Of course, holding oil is not costless and is probably more risky than lending money to the bank so the price will likely have to increase faster than the risk-free rate to cover the cost of holding and offer some risk premium.  But the logic is the same.  We can write the portfolio-balance condition which describes the price path for the asset as follows.

%∆P=i+φ

Where i is the nominal interest rate and φ is the premium associated with that asset due to risk, cost of holding, etc.  We could break this premium up into multiple constituent parts but this is not necessary for our purposes.  In the case of oil, where the investment is costly to hold and likely more risky than a loan, φ will be positive, however, as we will see, it is possible for it to be negative as well.

Saving and Investment

Now consider a barter economy.  In this economy, people desire to store wealth.  There are many different ways to do this.  The most obvious way is to store goods but not all goods are equally desirable for this purpose.  For instance, one could store grain but grain would take up a lot of space and it eventually goes bad so it would have to be rotated out.  In addition, because it goes bad, its value will naturally decrease as it gets older since its wealth-storing ability will be diminished as it gets closer to the end of its life.

On the other hand, a commodity like gold, never deteriorates and takes up very little space.  These attributes make gold a more suitable good to use as a store of value than grain or essentially any other good.  Because of this, people will tend to hold a significant portion of wealth in the form of gold and silver, which has similar properties.  It is worth noting that people in the aggregate are limited in the total quantity of these goods that they can hold but the desirability of holding them as a store of wealth will increase their price which increases the total amount of wealth which they represent.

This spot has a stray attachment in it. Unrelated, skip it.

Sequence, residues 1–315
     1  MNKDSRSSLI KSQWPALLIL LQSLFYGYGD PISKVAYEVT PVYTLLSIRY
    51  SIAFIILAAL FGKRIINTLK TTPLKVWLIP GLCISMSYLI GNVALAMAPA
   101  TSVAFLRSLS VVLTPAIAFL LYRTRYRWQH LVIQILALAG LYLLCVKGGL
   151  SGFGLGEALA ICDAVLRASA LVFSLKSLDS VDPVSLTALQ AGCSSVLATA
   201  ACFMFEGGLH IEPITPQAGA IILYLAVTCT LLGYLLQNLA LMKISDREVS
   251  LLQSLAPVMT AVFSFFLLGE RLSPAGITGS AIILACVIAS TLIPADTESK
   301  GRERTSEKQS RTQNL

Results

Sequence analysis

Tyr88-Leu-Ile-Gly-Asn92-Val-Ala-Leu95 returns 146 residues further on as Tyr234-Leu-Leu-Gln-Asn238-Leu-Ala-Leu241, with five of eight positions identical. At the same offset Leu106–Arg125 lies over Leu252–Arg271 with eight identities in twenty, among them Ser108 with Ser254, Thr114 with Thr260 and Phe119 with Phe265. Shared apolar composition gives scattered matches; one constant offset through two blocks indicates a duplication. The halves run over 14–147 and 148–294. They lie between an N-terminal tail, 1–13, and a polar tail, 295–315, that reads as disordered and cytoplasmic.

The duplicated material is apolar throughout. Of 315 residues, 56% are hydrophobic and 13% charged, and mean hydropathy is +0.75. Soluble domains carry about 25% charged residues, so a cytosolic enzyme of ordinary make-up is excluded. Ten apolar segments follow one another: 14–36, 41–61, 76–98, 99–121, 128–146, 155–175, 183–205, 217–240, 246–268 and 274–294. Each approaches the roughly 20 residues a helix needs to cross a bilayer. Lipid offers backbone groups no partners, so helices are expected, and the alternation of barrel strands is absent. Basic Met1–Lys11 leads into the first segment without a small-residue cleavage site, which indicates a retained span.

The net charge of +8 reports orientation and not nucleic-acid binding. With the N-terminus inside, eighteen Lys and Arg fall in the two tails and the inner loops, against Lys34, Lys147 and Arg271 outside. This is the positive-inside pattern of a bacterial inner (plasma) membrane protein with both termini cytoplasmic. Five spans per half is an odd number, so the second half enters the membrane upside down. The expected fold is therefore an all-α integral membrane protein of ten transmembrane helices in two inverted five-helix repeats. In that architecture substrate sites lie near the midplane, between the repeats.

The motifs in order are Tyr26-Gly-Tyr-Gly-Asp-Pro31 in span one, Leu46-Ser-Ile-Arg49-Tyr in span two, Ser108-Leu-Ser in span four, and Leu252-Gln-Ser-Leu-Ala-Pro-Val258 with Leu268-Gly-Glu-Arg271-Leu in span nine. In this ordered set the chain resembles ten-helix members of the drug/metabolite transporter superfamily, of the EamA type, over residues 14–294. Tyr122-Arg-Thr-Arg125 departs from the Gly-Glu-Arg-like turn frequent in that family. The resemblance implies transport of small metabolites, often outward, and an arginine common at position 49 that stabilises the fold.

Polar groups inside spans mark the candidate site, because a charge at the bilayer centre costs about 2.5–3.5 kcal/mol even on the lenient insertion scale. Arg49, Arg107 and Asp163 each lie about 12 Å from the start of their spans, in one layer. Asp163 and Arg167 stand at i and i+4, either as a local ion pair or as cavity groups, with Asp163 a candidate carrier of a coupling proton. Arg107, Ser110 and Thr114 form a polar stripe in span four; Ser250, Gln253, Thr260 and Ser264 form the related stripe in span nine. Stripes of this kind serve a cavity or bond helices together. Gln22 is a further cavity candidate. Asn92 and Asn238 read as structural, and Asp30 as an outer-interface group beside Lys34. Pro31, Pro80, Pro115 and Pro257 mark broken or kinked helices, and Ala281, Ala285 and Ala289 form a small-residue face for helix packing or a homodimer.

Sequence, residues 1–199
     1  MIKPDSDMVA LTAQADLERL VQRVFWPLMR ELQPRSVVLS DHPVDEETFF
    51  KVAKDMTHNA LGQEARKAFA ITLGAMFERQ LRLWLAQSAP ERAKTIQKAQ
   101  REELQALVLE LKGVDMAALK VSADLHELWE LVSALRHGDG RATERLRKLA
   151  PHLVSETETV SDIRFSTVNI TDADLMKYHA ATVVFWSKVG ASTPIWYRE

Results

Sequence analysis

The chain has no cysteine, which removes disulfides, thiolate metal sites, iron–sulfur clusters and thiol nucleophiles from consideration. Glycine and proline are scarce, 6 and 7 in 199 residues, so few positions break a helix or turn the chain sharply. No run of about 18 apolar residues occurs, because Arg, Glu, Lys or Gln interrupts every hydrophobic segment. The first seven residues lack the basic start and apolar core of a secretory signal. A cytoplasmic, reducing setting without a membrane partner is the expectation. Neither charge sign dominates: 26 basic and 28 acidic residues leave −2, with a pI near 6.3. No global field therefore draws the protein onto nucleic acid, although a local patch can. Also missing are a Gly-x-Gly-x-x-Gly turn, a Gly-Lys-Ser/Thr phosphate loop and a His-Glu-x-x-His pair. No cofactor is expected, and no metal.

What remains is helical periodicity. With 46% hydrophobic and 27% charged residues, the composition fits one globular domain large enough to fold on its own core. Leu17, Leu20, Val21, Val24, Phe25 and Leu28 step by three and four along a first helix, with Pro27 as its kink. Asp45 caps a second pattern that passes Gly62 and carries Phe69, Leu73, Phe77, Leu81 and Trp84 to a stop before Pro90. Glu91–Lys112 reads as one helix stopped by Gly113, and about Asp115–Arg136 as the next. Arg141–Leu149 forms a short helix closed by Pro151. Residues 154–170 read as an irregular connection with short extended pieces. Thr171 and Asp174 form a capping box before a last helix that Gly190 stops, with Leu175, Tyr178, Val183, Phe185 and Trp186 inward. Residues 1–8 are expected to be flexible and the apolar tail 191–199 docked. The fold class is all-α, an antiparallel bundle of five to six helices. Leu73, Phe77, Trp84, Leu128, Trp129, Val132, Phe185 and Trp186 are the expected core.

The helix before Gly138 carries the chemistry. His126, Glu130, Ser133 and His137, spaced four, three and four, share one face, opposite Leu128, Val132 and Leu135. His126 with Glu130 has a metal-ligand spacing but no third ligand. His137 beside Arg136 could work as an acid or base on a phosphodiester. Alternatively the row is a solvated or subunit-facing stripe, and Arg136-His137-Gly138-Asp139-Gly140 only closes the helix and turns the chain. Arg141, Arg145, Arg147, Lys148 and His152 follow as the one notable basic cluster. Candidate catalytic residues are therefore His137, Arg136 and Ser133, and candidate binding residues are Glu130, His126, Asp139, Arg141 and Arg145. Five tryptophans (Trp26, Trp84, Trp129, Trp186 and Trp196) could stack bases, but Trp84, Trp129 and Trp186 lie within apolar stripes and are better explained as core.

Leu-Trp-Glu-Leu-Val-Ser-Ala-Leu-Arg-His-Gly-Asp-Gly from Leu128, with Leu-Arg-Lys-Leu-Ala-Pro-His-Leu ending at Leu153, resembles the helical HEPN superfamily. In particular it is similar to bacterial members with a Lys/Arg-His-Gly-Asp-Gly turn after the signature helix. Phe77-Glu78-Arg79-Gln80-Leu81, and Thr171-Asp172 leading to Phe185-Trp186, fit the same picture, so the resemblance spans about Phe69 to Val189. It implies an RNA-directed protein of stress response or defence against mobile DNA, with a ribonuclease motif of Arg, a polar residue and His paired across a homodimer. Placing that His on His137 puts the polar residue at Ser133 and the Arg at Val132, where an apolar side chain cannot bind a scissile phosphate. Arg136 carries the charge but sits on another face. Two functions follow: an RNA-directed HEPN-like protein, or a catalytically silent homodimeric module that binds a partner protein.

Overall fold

At this point, it is necessary to make a few remarks about the consumption of precious metals.  Recall that it must be the case that the original interest in these goods had nothing to do with transacting or storing value but was merely based on wanting to do something with them, most likely using them for decoration.  Using gold or silver for decorative purposes is a form of consumption.  Of course, this consumption is not likely to entirely use up the good in a short period of time.

If someone makes a gold necklace, they can wear the necklace for years and then melt it down and sell the gold at some point in the future.  This activity has an investment component to it.  But there is still a consumption component as well much like owning a house is part consumption and part investment.  A gold necklace is likely subject to some deterioration over time.  It is true that this will probably be minor but it will still be more than the deterioration of gold bars kept in a safe.  And recalling that the value of gold is determined in relation to demand at times far in the future, a small rate of deterioration over hundreds of years is significant.

In addition to this deterioration, some gold jewelry will be lost.  The probability of loss (or the fraction of all gold lost depending on how you wish to account for it) must be factored into the rate of consumption as well.  A gold necklace or bracelet is much more likely to be lost or destroyed than a gold bar in a safe.

Just as with oil, the competition between competing uses—consumption and investment—determines the price of gold and its evolution over time.  Since, at this point, we are in a barter economy, there is no such thing as a nominal interest rate, this rate being in terms of money which doesn’t exist yet in our economy.  But loans can still be made.  For instance, one farmer could loan a quantity of grain to another farmer in return for a promise to pay some amount of grain one year in the future.  Since grain can be planted and used to produce more grain, it is possible for the borrower to pay the lender back with more grain than he borrowed and still be compensated for the effort of planting, growing and harvesting.  The additional payment to the lender above the original principle represents the real interest rate.

The ability to lend goods today for the promise of goods in the future is a form of investment which competes with holding goods like gold.  This means that people must choose how much of their wealth to hold in the form of gold and silver and how much to hold in the form of loans.  This means that there must be some portfolio balance condition of the form:

%∆PG=r+φ                                                                                                                                                                                                        [1]